Ever wondered why some salespeople click with customers while others struggle? We reveal the power of curiosity in automotive sales and building real connections.
Learn to ask the right questions, build trust, and use psychology for success. It’s not just about selling cars; it’s about connecting with people.
Discover actionable tips from the Automotive Sales Coach’s Dealership Playbook for professional growth. Join us for a journey that resonates with every new lead!
David Lowe: 0:00
Welcome to Prepare to Win. Today, we’re going to talk about something’s really important. Being naturally curious, you’re going to want to stay tuned.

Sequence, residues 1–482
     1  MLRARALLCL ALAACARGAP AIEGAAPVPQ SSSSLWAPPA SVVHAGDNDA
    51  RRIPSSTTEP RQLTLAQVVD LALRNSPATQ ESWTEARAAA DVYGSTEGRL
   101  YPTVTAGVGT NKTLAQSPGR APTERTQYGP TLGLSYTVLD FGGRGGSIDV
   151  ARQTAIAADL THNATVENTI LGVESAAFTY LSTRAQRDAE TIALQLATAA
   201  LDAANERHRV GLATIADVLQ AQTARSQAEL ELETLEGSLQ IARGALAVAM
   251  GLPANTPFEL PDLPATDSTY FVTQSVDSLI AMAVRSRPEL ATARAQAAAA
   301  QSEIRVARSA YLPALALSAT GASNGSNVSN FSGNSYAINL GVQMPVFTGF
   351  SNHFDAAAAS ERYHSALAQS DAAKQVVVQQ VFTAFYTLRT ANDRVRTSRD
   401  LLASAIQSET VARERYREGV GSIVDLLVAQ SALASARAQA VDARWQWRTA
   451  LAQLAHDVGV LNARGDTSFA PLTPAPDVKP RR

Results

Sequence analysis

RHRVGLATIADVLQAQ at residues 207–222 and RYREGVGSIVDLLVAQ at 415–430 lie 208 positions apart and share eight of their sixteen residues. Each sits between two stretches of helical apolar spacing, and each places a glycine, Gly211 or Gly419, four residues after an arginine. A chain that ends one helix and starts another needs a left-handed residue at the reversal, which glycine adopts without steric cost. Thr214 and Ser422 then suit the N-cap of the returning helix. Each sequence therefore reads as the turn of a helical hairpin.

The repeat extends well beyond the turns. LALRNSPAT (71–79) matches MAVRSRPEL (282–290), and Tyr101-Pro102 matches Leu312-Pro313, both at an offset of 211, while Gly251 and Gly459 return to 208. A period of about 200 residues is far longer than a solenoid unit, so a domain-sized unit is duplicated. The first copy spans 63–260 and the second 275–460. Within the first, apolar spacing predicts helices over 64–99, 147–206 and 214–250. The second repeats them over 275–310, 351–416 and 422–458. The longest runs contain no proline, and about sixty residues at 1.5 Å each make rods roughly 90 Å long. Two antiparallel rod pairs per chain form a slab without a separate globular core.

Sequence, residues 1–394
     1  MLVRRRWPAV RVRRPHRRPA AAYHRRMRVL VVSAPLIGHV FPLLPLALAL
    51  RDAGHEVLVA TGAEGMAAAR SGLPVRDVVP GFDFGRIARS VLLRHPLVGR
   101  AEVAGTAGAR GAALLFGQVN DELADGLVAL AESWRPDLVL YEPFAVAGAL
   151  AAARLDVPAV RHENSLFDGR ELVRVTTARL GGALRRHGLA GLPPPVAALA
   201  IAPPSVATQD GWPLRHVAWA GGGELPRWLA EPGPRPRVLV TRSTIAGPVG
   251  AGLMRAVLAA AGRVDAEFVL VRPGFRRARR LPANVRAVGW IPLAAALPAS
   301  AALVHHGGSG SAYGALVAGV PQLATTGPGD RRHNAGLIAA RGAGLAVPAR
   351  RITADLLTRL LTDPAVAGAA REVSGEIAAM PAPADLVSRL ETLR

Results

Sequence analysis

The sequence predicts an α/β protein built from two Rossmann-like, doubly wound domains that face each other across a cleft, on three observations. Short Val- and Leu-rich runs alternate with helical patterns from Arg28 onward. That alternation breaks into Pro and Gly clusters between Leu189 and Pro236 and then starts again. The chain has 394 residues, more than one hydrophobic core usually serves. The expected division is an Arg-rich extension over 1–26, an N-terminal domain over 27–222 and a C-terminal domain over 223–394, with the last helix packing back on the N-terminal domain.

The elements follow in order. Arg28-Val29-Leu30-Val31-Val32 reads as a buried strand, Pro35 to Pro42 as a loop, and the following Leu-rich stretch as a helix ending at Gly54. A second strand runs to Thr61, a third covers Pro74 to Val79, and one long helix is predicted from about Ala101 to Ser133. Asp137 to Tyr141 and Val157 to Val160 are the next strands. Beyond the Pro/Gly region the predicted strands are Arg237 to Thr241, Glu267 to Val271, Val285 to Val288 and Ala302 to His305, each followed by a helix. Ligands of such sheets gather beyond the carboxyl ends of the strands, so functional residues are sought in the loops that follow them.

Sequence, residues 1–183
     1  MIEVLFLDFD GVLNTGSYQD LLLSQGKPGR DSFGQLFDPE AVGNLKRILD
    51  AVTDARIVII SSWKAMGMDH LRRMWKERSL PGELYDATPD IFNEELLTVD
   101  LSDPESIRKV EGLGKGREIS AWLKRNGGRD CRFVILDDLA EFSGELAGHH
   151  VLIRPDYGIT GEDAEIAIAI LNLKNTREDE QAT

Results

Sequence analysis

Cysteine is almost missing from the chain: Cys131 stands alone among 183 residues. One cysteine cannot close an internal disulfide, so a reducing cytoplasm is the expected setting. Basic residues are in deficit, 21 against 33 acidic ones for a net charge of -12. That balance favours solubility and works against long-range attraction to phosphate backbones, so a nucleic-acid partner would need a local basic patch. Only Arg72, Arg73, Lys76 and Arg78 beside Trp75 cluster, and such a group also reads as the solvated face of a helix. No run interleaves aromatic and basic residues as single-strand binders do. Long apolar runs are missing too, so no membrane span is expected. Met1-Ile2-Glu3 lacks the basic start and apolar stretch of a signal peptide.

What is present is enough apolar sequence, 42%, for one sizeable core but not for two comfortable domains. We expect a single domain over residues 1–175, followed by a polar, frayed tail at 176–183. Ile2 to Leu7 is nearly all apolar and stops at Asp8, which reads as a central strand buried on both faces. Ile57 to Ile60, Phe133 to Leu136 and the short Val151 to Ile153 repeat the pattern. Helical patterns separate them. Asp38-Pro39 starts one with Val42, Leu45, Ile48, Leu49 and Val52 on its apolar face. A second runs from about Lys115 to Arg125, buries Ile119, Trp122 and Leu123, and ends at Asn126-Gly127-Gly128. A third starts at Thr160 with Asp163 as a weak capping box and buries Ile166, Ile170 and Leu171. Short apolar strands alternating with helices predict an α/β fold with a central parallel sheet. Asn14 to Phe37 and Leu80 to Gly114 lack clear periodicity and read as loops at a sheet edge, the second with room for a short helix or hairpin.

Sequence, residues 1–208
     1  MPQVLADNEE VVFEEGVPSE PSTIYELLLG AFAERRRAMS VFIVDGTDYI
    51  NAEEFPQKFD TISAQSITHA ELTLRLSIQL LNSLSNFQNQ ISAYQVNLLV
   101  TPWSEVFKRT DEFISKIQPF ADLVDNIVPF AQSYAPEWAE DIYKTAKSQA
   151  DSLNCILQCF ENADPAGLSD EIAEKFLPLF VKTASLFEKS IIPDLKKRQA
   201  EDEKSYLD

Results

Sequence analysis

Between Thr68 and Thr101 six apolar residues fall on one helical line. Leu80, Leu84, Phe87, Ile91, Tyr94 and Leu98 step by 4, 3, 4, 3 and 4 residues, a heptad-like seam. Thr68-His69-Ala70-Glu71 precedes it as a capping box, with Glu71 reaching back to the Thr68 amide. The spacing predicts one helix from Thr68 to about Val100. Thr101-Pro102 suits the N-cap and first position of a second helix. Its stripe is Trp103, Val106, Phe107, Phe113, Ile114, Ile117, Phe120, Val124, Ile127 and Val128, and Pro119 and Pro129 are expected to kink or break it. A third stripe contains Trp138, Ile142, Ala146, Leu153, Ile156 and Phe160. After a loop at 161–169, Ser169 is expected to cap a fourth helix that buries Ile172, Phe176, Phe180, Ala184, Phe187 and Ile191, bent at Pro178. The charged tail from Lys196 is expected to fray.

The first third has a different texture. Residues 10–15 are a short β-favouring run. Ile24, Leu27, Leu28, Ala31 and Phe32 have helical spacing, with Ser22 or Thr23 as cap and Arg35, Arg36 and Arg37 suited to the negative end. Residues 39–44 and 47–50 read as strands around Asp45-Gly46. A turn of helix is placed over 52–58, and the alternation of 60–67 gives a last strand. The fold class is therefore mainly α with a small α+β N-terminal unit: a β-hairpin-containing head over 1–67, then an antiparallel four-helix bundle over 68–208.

Grace Lupoi: 0:18
Hi guys, I’m Grace and I’m with David Lowe, the automotive sales coach, and we are talking about being naturally curious and that’s something that one of those soft skills we’ve noticed has really been overlooked Right now. Nowadays, we always know what we sometimes, most of the time, fail to know why.
David Lowe: 0:33
Right. So this whole podcast, every episode, we want to deliver what it takes to live and to sell with excellence. Right, and how do you do either without being naturally curious? So this is a big topic and this won’t be the last time we’re talking about it, but it’s kind of I think it’s on everybody’s mind, right, I think. So, being naturally curious, what’s it mean? I think that some of us have this kind of naturally. Somebody says something I just got a boat and we’re like, ah, what kind of boat you got, Why’d you get that? We just, we want to know. Others are like this I just got a boat oh yeah, I used to have a boat and we go off right, Does that make?
Grace Lupoi: 1:15
David Lowe: 1:16